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Friday 19 May 2017 : On the evening before Levellers Day, John Rees author of 'The Levellers Revolution' will be speaking as part of the Levellers seminar at the CWU training centre at Alvescot Lodge for the Levellers Night seminar talking about ‘Scottish Covenanters, English Levellers, and “Popular” Revolutions in mid-17thC Britain’ with Laura Stewart, author of ‘Rethinking the Scottish Revolution’.  Levellers’ Day 2017 will take place in Burford on Saturday 20 May 2017 - see here for more details
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International Conference:  Wars of Position: Marxism and Civil Society
8-10th June 2017 at People’s History Museum, Manchester, UK
 Key-note speakers: Jodi Dean, Neil Faulkner, Kevin Morgan
This international conference brings together: analysis of the theory and practice of twentieth-century Marxist parties in relation to civil society; analysis of contemporary Left formations’ approaches to civil society; and analysis of the ‘idea of communism’ today and the relevance or obsolescence of ‘the party’ in the twenty-first century. Book (deadline 26th May): http://estore.manchester.ac.uk/conferences-and-events/faculty-of-humanities
Full price/concession: £100/£65 (three days), £40/£25 (Thursday), £30/£20 (Friday, Saturday)
 Book accommodation (deadline 10th May): https://aws.passkey.com/go/WarsofPosition2017
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PEACE NEWS PRESENT
‘Chelsea Manning's Freedom Celebration’Wednesday 17th May, 7pm
Free entry

Housmans, Peace House, 5 Caledonian Road, Kings Cross, London N1 9DX

Join us to mark the day the U.S. whistleblower Chelsea Manning walks free from military prison. Speakers from Veterans for Peace to be confirmed. Wine, soft drinks and snacks provided.

Chelsea Manning is a whistleblower who was working for the US military as a data analyst during the US-led coalition war in Afghanistan. She is currently serving a 35-year sentence in military prison for leaking classified US government documents to the Wikileaks website, and revealing to the public that the US army, the CIA and Iraqi and Afghan forces committed human rights violations.
Chelsea has always claimed that she released information in the public interest. The crimes she exposed have never been investigated.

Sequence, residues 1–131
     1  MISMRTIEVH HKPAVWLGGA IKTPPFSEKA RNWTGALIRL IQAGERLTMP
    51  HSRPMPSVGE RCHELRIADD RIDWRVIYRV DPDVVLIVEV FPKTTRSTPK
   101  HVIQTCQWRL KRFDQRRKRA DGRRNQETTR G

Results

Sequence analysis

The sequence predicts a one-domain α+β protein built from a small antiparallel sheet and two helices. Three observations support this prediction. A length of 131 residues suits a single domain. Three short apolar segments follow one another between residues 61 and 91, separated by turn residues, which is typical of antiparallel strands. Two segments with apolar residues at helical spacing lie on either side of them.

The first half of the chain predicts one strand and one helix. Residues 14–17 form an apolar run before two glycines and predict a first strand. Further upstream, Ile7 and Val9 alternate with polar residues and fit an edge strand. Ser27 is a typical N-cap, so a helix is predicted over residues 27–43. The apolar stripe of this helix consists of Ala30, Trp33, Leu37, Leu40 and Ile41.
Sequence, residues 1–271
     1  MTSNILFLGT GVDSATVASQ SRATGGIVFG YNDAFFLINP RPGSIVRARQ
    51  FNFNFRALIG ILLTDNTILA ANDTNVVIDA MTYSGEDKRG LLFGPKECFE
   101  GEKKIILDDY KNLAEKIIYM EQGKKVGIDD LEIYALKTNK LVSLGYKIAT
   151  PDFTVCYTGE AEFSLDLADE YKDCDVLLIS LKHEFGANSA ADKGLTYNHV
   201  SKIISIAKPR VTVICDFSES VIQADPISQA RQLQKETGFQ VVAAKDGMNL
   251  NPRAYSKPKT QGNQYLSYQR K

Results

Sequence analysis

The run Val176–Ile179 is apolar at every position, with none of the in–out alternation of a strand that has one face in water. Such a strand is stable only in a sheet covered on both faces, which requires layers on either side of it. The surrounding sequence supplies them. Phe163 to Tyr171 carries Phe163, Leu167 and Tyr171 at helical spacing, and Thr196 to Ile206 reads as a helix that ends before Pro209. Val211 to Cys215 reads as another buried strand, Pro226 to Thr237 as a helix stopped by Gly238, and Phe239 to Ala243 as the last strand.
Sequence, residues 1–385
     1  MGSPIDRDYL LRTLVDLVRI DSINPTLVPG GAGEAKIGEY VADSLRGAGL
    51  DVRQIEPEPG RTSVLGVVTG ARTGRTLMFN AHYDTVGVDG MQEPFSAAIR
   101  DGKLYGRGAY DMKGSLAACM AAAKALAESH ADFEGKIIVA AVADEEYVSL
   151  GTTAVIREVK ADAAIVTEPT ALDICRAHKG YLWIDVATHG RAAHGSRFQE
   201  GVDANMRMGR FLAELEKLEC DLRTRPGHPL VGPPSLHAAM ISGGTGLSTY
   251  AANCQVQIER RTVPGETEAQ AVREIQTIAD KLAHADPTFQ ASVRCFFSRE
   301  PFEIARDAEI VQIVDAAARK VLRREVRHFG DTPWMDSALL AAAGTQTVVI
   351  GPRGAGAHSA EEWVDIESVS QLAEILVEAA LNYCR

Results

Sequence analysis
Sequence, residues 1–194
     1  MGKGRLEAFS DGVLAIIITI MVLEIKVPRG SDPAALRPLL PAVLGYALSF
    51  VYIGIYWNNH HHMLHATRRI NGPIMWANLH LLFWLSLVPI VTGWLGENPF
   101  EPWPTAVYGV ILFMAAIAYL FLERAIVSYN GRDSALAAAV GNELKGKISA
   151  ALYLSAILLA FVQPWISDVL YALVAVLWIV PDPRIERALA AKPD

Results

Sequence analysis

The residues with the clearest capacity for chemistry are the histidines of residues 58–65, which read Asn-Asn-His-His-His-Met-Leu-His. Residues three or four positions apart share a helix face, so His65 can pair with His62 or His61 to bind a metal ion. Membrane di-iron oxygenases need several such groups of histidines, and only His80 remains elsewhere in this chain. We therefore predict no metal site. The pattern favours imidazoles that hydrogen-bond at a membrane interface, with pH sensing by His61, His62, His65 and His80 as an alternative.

In one of his final acts before leaving office, US President Barack Obama commuted Chelsea Manning's sentence; the 29-year-old transgender US Army private, born Bradley Manning, will be freed on 17th May, instead of her scheduled 2045 release.

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London Radical Bookfair 2017


Registration for the 2017 London Radical Bookfair will be opening in a few days [from early April]. For the second year running, the bookfair will be held in the Great Hall at Goldsmiths University, in South East London. Apart from a wide range of radical booksellers, authors and publishers, there will also be stalls with comix and zine makers, artists and exhibitions, plus workshops and talks. You can download the official 2017 London Radical Bookfair poster here for social media purposes. LINKS 
Alliance of Radical Booksellers                         Alternative Press
The Bread and Roses Award for Radical Publishing           The Little Rebels Children’s Book Award

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Assorted Festivals and Book Fairs as notified by PM Press:
Manchester Punk Festival in Manchester, UK from April 20th to 22nd

Historical Materialism in New York, NY from April 21st to 23rd

Los Angeles Times Festival of Books in Los Angeles, CA on April 22nd to 23rd

Ghent Alternative Book Fair in Ghent, Belgium on April 22nd

Cambridge Radical Book Fair in Cambridge, UK on April 29th

Brooklyn Folk Festival in Brooklyn, NY on April 29th and 30th

People's Climate Rally in Washington, D.C. on April 29th

9th Annual Humboldt Anarchist Book Fair in Arcata, CA on April 29th
For the full (PM Press) schedule, please go HERE 
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Anti-Internment Protest 12th May